Before I ended up visiting Sister Zeph and the school in Pakistan I helped them raise money, via crowd funding, in order to help them finish their building. Sister Zeph had won a prize for her writing and was able to buy a small plot of land and build up walls of what is now the skills center but still there was no roof or proper bathroom.
So, before it was decided that I would visit, with collaborative efforts, we were able to not only put a roof on her school but help them build a proper bathroom, second story, beauty parlor and storage room. Even then I had no idea that I would visit Pakistan not only once but twice in 2.5 years! Of course people at the time thought I was crazy …
Going to Pakistan not once….but twice!?
You bet! And I will probably go again one of these days soon! The crazier part is that the first time I flew to Pakistan in March/April of 2016 was just a few days after the Easter Park Bombing in Lahore. Over 70 women and children died and over 300 more were injured. Everyone told me that I shouldn’t go, everyone was praying. I decided to listen to my heart and I went anyway.
The first time I went to Pakistan I decided to go with the flow and not plan for too many things except I set my goal to do art with the girls, teach English, self defense and more. I had to stay in different areas all the time. I could not stay in the village where the school is located for too long because that is a slum area and you won’t see Americans there. I am glad that I did not spend all my time at the school though (I was in PK for a total of 3.5 weeks) because I got the opportunity to get to know Sister Zeph more and see more of Pakistan as well.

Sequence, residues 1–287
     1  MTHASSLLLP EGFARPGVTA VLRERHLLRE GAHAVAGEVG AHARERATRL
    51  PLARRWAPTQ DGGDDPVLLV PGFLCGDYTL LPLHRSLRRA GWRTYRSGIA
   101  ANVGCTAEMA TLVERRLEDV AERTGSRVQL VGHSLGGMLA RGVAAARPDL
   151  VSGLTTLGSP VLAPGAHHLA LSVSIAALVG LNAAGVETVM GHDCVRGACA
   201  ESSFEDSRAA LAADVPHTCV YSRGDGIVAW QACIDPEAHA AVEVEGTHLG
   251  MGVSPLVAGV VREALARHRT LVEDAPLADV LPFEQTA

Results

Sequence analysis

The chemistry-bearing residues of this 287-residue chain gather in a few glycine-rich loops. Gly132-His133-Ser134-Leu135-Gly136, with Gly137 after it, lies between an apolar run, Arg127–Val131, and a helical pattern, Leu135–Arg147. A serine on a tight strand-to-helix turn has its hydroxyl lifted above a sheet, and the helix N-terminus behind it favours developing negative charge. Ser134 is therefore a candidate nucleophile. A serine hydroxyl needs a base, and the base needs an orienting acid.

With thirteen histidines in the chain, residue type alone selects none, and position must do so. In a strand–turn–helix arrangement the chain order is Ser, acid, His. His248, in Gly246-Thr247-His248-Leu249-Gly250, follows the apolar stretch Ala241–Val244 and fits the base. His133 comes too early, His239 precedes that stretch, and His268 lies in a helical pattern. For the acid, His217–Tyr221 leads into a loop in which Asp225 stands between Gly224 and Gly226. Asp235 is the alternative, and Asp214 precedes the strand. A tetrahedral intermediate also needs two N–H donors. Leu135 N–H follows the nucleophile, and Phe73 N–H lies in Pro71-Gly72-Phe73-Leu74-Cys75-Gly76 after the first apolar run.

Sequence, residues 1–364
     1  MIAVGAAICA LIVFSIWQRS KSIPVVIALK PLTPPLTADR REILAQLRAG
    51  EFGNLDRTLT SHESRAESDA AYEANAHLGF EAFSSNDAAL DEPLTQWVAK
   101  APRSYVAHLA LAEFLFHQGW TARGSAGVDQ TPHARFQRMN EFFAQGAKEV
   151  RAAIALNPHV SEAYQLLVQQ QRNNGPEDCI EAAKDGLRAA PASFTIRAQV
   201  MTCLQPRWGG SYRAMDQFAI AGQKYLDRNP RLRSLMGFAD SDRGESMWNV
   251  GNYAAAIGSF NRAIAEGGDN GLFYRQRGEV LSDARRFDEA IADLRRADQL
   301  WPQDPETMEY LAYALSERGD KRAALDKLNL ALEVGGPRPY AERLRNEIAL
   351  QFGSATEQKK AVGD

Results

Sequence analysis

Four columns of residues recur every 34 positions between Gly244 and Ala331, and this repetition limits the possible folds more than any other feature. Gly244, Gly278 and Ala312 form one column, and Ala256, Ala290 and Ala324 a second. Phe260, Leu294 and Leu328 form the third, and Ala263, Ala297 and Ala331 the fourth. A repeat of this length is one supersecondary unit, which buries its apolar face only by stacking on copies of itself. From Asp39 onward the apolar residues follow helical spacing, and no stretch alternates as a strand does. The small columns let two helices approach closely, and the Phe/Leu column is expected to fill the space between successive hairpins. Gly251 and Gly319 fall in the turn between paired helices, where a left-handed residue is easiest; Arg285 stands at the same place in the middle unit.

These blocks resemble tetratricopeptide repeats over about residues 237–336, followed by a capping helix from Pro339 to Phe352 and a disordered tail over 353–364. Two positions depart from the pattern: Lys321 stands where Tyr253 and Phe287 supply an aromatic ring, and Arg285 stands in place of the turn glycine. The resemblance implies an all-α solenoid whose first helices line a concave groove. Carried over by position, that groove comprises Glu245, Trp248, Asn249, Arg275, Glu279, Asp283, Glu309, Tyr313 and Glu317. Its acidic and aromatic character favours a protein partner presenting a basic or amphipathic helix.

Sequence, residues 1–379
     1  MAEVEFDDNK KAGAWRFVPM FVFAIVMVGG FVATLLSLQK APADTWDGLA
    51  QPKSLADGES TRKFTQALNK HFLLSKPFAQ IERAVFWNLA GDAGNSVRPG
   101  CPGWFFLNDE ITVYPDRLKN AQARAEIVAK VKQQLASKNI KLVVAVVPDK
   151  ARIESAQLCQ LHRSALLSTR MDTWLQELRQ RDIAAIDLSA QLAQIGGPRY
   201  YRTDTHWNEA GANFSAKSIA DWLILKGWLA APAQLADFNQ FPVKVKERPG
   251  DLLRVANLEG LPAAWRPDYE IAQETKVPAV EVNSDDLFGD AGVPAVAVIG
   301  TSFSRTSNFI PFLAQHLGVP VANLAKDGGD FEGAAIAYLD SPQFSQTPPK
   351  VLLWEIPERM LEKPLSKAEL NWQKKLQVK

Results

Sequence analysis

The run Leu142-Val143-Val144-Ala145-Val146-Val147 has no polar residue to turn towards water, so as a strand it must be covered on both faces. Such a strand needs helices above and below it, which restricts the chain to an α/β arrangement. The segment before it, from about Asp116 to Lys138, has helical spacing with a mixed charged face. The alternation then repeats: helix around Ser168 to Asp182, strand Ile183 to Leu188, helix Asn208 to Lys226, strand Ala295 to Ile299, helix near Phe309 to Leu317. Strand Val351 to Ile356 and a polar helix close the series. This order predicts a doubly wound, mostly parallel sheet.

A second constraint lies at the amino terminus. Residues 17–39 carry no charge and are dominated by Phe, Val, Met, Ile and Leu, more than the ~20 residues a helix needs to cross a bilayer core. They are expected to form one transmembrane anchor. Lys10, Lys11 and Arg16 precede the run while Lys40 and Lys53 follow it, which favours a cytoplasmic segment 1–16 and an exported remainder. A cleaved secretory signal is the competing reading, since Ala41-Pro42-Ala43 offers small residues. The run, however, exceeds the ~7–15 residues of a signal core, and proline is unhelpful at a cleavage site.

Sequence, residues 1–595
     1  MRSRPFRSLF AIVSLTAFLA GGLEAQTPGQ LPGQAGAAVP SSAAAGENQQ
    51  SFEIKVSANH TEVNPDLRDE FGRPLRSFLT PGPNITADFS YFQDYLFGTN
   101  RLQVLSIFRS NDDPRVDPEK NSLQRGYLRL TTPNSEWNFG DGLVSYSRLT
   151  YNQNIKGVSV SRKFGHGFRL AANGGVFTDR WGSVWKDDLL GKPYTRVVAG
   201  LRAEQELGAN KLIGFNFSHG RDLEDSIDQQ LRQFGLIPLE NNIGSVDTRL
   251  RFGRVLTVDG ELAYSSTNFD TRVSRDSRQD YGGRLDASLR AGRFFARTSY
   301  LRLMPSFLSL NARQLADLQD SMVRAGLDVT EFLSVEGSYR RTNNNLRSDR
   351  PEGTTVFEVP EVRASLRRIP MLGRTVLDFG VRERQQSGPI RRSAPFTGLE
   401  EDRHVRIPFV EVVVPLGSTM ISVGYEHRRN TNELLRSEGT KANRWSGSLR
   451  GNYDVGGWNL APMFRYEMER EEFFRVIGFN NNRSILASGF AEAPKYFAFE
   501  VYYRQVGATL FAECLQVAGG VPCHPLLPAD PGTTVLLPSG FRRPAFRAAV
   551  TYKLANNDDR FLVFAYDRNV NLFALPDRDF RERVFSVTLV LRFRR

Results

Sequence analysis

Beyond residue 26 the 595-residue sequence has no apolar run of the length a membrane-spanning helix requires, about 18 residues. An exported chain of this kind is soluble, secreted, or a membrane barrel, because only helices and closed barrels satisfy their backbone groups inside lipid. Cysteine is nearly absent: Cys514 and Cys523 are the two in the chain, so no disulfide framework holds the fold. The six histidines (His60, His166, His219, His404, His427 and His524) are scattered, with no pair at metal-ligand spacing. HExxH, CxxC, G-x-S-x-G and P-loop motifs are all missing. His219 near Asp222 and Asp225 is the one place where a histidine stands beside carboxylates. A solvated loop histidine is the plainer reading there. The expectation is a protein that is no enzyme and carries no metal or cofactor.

As I am writing this now it has already been 9 months since I have been to Pakistan. I keep telling myself to hold off from going again, that it’s too dangerous but for some reason Pakistan is embedded in my heart now and I cannot tear myself away from it. I cannot explain why I feel this way but my second trip to Pakistan was amazing.
I can honestly admit that both times after coming back I had culture shock. Things really are so different here than there and vice versa. The second time I went to Pakistan I felt mentally prepared and I knew exactly what I wanted to do, which is an amazing feeling to have. I was able to see historical places, do more art projects, honor different organizations that have helped Sister Zeph and her cause, teach more self defense, visit churches and mosques, eat amazing food, go shopping, distribute school supplies, books, stationary and more.
I will continue writing about Pakistan and raising awareness about education all over the world after my experiences. SEW is a seed for change. I want to sew seeds with grassroots educational leaders all over the world to help create more sustainability for their schools.
As Malala Yousafzai says,
“With guns you kill terrorists but with education you kill terrorism.”
Of course Pakistan has a plethora of issues, the entire world does, but I learned through my travels that they are people just like me, you and everyone. No matter their beliefs, deep down they want what is best for themselves, children and country.
As Sister Zeph says,
“I was born to transform darkness into light by spreading education, nothing
can stop me as long as I am alive.”